From Colombia, With Love, Nathalia Gaviria Rediscovers Herself in Los Angeles
Never forgetting her Colombian roots, Nathalia Gaviria now calls Los Angeles home, where she has a flagship store called Nathalia Gaviria: Black on Melrose Avenue. Facing many challenges along the way to fashion-design success, Gaviria has allowed hardship to fuel her desire to achieve greatness and guide the members of the next generation of Los Angeles designers toward fulfilling their goals. Gaviria talked with the California Apparel News about reclaiming her original style of festive clothing and her journey to becoming a fashion designer.
When did you decide you wanted to be a fashion designer and why?
As a kid, I always liked clothing and found it very interesting—colors, textures and how you can mix them together to create unique pieces.
How did you make that happen?
When I graduated from LCI, a design school in Colombia, in 2000, there was a fashion competition for designers from all over the country. Whoever won would win a scholarship to go to Miami to study fashion merchandising at the Miami International University of Art & Design. My inspiration for the contest design was a protest about Colombian people who were taken off of their land by a big petroleum company. The collection was very controversial because it featured a man wearing a woman’s dress. I also invited two indigenous ladies to walk the runway. The people in the audience were so excited to see that dress. That is how I won.
Who was the person who helped you the most in becoming a fashion designer?
My mother, Helena, was always supportive. Always by my side, always supportive, always helping.
Looking back on your first collection, what was it like and how would you change it now?
My first collection was inspired by the circus. It was very colorful and fun. After those early collections, I stopped doing colorful, fun clothes for many years but decided to come back to it. Looking back, I wouldn’t change it. I loved it. It might be busy, but it’s part of who I am.
What are the biggest challenges you find in creating a collection and how do you overcome them?
When I am creating a collection, I can’t choose a favorite. Sometimes it is also challenging to make it edgy without losing wearability. Creating basic pieces is difficult for me.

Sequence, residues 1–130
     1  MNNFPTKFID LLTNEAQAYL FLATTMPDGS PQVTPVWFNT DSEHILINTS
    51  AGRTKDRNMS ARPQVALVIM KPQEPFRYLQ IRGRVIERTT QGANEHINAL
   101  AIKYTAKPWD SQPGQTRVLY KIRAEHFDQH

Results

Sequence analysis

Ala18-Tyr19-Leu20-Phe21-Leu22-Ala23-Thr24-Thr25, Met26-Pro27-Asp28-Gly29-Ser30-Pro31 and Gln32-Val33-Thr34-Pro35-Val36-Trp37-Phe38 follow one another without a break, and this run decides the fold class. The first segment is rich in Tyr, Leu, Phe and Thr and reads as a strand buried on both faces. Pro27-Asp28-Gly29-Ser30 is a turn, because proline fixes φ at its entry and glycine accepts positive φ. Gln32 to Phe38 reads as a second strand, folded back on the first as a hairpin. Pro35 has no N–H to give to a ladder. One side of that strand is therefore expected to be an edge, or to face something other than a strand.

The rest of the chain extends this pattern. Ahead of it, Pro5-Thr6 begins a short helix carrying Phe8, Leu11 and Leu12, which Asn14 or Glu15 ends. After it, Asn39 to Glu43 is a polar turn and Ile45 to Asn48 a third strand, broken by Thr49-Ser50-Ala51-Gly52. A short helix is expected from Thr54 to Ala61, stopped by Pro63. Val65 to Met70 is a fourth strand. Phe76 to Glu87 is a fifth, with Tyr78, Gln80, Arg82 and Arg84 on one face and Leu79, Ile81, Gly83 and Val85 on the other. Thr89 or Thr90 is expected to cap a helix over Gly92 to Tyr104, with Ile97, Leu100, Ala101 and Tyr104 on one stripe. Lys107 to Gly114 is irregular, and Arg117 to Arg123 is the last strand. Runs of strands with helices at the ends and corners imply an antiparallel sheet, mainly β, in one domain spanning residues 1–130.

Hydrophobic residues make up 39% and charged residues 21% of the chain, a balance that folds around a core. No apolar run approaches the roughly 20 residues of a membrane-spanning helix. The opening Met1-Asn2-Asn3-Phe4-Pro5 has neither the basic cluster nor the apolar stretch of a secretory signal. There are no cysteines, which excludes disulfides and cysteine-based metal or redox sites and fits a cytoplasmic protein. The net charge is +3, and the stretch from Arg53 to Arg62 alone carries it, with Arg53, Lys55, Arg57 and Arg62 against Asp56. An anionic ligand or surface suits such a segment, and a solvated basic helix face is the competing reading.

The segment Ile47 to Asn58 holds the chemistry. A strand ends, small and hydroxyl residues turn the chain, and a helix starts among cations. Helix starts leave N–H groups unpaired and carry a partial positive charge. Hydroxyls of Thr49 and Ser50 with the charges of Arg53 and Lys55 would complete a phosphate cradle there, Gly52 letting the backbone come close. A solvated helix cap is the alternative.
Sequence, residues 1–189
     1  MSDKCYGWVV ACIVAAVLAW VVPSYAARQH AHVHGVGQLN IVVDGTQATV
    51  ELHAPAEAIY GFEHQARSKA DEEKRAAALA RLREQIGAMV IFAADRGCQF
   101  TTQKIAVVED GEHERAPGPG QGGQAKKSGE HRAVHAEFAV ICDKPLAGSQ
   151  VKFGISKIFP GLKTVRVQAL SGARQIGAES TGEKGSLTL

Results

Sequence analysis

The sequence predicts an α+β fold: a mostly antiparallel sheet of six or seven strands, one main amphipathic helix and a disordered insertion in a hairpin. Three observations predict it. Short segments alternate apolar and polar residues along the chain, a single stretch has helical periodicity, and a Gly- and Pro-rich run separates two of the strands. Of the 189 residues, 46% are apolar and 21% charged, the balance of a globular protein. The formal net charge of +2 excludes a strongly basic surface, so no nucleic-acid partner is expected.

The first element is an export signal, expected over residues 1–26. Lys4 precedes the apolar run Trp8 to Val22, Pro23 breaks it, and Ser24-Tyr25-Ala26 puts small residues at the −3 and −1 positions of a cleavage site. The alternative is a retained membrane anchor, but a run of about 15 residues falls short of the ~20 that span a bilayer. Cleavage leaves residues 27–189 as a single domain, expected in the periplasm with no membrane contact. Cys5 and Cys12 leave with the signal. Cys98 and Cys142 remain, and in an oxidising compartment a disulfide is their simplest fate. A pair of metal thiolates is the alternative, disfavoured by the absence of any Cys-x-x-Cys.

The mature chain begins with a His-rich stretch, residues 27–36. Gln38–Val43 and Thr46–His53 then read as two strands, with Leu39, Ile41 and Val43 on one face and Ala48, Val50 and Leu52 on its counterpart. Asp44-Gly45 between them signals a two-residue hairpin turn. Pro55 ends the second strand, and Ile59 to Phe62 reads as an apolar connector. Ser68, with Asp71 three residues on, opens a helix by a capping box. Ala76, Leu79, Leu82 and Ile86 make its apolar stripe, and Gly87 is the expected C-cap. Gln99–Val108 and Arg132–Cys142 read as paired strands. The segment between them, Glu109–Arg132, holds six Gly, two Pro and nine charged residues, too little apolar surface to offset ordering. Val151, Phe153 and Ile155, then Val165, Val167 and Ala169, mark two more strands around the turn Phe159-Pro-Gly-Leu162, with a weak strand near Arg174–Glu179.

Where do you get your inspiration?
My last collection was inspired by the Bedouin tribe in the Middle East. It was very interesting because they cover their faces, their heads and it’s very mysterious. My inspiration can come from anywhere. My future NG Gold collection is going to be about toys from my childhood. The second is a post-punk, ’80s time period. It’s inspired by a song from the band Sisters of Mercy.
What is your favorite part of being a fashion designer?
Everything. Choosing the team, thinking about the theme, who is wearing it and the music. From the moment I have to create a collection, I know what music will be played during the fashion show.
What skills are necessary to be a good fashion designer?
You need to be creative, but you should know how to sew and make a pattern—you need to know how to do your craft.
How would you describe your personal style?
I hate when people put me in a box. Sometimes I look bohemian, another day I am dark and the next I am sporty. You can have 10 styles but it’s the same you.
What is the best and worst feedback or critique you have received and from whom?
In December, I was invited to Dubai to show the collection inspired by the Bedouin. They thought it was interesting that an outsider to the culture was inspired by them. To see that they got it was the biggest compliment. A friend once asked, “I always wonder, do you laugh when you design your clothing?” She was saying my designs are ridiculous and I must laugh at the thought of someone buying them.
How has the Los Angeles fashion industry changed since you started?
I love Los Angeles to death, but L.A. is growing into a place where artists are not welcome. The rents are too expensive and big corporations are taking over. If I see a cool, young fashion designer who has a great dress, I will sell it in the store. It is so difficult to grow. I know it because I lived it.
What advice would you give to emerging designers?
Believe in their style and ideas. It’s hard for a person who has a different vision to be successful in the United States. Society is changing, so when you stick to your guns and do the work, you will see success.